An Opinion Piece by Peter Rousmaniere
The models for research which the Workers Compensation Research Institute has relied on since its founding have been right for its time. It now needs an additional model. That is why, in my view, WRCI’s extensive reporting on the state of affairs is nice to read but no longer in sum a page-turner. The WCRI evolved historically as the place to go to understand urgent issues. Here I describe the urgent issue it deserves to address going forward.
The WCRI’s primary contribution is not, in fact, informing the industry. It continues to do that well. Others do that as well. Above all, it contributes uniquely by getting people to think. Its conference attendees have their minds ignited and they bring that fire back to their colleagues. Analysis is its product; inspiration is its brand.
Medical care has been poorly understood and expensive and it has demanded great attention. The WCRI is the premier think tank on medical care for a broad constituency of claims payers, employers, state agencies and legislators.
This constituency has to cope with unruly treatment, a medical community recalcitrant to change, and rising costs. Witness the widespread and sustained investment in medical controls – bill review, utilization review, provider networks, drug spending, and treatment guidelines.
Where are we now? The levers of medical care control are pretty well understood and can be applied with confidence. They demand constant attention. Information systems and laws of some states could improve. But further improvements are incremental.
Credit WRCI for being the forum for industry discussion about medical treatment. It has Inspired others to research medical care. But its focus today is on helping with increments in contrast with game changes in insight. Its unique distinction will fade.
A frank assessment would observe that it has under-invested in illuminating the performance goals of the workers’ comp system. Controlling medical care is a means to an end, not the end itself.
What is urgent today? That which has justified many state and private sector initiatives for several decades: restoring the injured worker’s economic position in her often-fragile world.
The five year-running Workers Compensation Benchmark Study, managed by Rising Medical Solutions, has asked what matters most. Some 1,700 claims executives have through surveys voted that an employee’s return to the same or better pre-injury functional capabilities is the most valued claims outcome.
The WCRI’s primary constituents would welcome better understanding of return to work. That includes research into the determinants of successful and failed return to work. And it includes metrics.
We lack a nuanced understanding of return to work. Unsurprisingly. it is vulnerable to moral hazard. The employee may decide that she is better off leaving her employer. The employer might use the workers’ comp system as an outplacement solution for undesirable workers. The claims adjuster, assigned too many claims, may want to relegate many lost time claims to low-grade maintenance status rather than put the effort into solving return to work puzzles. These incentives add to the need of deeper insight into return to work performance.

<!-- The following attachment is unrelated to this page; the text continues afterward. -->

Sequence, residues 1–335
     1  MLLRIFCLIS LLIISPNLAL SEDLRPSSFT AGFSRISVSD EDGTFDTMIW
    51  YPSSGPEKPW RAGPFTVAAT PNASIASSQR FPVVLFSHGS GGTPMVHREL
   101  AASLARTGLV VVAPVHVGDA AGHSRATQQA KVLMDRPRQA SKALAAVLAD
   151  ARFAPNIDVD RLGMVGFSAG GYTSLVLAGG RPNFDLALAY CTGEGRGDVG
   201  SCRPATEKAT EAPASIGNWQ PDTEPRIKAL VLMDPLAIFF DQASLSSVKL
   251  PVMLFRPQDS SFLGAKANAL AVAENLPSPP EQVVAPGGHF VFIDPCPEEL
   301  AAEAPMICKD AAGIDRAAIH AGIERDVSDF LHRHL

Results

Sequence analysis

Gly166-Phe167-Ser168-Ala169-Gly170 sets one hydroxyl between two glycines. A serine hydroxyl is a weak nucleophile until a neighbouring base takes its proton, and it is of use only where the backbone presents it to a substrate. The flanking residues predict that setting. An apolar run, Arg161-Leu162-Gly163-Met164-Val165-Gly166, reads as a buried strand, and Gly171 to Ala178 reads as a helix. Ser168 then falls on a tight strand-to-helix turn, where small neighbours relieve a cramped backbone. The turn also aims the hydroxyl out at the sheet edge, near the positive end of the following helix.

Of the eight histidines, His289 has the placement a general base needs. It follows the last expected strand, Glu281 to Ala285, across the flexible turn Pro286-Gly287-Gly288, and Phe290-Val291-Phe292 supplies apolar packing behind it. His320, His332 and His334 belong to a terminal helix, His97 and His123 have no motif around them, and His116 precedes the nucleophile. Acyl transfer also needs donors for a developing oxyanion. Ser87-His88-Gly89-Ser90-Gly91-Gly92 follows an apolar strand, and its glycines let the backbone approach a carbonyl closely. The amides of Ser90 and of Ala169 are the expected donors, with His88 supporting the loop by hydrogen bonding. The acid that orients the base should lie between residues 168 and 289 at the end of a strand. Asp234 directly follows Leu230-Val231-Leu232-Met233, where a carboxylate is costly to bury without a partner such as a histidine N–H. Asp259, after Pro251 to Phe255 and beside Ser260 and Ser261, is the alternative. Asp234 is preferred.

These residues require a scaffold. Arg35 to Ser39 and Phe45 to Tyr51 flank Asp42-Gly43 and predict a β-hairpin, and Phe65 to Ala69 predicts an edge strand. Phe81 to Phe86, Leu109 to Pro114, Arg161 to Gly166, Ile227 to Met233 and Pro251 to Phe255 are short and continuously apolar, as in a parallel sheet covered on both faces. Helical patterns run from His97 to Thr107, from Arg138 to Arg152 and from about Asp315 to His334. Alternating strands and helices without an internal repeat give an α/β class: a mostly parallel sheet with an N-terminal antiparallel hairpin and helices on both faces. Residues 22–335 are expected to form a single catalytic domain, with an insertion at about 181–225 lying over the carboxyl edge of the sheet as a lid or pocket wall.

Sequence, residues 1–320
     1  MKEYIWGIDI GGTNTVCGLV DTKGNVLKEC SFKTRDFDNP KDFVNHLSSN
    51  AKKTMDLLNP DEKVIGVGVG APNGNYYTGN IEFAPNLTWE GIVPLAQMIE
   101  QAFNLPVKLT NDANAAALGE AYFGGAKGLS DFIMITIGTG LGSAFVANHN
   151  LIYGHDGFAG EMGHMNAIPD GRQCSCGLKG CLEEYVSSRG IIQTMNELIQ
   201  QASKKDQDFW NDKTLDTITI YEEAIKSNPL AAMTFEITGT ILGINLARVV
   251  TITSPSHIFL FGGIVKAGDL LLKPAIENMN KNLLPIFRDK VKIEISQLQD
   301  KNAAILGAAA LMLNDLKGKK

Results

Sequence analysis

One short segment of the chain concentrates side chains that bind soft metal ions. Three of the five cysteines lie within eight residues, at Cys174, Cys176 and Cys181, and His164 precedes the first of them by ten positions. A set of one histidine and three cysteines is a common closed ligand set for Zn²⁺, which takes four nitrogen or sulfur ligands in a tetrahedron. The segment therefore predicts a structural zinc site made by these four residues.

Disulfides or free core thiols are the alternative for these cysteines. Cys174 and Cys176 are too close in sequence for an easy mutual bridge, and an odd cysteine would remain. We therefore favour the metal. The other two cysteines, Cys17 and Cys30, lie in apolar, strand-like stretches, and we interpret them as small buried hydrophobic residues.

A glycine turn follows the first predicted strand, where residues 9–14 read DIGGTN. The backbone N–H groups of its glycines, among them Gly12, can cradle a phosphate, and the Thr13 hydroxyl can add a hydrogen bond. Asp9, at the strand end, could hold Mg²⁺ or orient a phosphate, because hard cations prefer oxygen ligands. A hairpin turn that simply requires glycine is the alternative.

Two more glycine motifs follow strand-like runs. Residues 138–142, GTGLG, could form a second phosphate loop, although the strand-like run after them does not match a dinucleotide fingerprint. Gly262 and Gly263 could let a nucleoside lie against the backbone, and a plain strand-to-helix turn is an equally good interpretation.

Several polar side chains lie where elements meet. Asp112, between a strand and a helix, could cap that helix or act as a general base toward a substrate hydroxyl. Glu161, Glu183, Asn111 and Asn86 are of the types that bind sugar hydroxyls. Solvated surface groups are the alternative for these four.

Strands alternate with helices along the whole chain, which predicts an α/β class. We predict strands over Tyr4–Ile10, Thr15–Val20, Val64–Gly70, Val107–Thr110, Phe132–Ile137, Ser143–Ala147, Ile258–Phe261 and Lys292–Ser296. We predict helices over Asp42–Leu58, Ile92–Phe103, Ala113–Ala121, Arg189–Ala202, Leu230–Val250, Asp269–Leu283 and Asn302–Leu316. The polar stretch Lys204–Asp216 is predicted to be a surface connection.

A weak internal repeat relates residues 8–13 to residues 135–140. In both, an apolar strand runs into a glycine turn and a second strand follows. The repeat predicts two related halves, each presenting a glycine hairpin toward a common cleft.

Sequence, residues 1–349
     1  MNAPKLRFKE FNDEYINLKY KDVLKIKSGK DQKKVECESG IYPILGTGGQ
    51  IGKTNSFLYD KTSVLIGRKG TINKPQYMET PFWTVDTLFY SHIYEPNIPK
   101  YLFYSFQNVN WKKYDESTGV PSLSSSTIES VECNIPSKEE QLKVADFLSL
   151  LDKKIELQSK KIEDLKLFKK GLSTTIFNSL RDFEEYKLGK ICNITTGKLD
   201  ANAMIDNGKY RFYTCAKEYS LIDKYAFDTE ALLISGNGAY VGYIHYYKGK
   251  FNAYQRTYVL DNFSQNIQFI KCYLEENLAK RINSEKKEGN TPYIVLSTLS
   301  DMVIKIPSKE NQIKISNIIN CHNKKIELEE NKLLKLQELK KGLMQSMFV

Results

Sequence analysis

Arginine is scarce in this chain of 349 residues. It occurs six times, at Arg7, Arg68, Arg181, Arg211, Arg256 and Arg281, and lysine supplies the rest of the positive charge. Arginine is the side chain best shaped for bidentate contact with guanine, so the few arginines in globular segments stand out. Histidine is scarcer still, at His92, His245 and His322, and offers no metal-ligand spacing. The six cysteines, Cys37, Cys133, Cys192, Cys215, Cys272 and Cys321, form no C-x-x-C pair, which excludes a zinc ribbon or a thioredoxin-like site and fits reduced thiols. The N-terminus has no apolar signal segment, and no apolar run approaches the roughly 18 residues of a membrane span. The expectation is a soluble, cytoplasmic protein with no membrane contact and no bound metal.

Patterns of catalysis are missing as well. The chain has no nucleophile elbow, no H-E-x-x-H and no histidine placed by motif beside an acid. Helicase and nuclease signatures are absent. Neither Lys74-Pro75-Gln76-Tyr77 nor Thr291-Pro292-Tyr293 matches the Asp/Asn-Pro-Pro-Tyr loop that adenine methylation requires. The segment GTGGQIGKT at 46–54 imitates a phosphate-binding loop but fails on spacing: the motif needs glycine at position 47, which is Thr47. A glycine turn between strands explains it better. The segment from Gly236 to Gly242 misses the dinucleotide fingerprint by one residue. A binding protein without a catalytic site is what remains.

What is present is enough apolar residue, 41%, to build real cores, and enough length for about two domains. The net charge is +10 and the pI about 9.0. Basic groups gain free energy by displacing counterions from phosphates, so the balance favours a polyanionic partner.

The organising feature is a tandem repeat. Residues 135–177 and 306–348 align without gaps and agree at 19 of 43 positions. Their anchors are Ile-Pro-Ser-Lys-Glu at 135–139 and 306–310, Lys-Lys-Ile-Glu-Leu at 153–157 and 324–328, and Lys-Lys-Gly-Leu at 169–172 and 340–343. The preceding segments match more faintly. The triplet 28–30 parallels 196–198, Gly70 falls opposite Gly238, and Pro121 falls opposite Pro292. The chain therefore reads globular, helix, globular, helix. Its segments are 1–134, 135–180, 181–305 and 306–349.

The National Council on Compensation Insurance has published a few studies of the duration of total temporary disability. It has a lot more insight it can share. But to deeply understand return to work, one has to know a lot about the medical care delivered. This is where the WCRI excels.
Duration of disability guidelines, published by ODG/MCG and MDGuidelines, are extensively used by claims teams. Their popularity proves that claims payers are vitally interested in influencing duration. These two companies optimize their databases for managing individual claims. They are not designed to look retrospectively, target and manage duration and return to work for a population of work injuries.
The WCRI currently reports some return to work and disability duration in its occasional worker survey reports. But it appears never have used its access to a massive claims database from many states to delve into return to work.
Three reasons for measuring return to work stand out. All align with the WCRI’s distinctive role in helping us think.
One is that many people believe that long term disability is not a fated outcome but to a large extent the result of an avoidable failure to return to work in a timely manner. Hence, the best way to reduce long term disability and earnings loss is to optimize ways to achieve return to work in a relatively short time. This proposition needs to be studied.
A second reason is that the workers’ comp industry has built up a lot of resources expressly designed to facilitate timely return to work and shortened duration of disability. If that is so, one might ask why the industry does not measure actual return to work performance and disability duration.
Third, consider the public’s perception of the workers’ comp system. Our system is expected to take care of work injuries as best we can. A singularly impressive cure is bringing injured workers back to earning capacity. Would dedicated research by the WCRI not calm public skepticism about what we do?
Some say that the return to work performance of a large population of claims cannot be reliably measured. But a careful, persistent effort to resolve problems in analysis can lead to reliable findings.
Here is where the WCRI’s future in leadership can be found.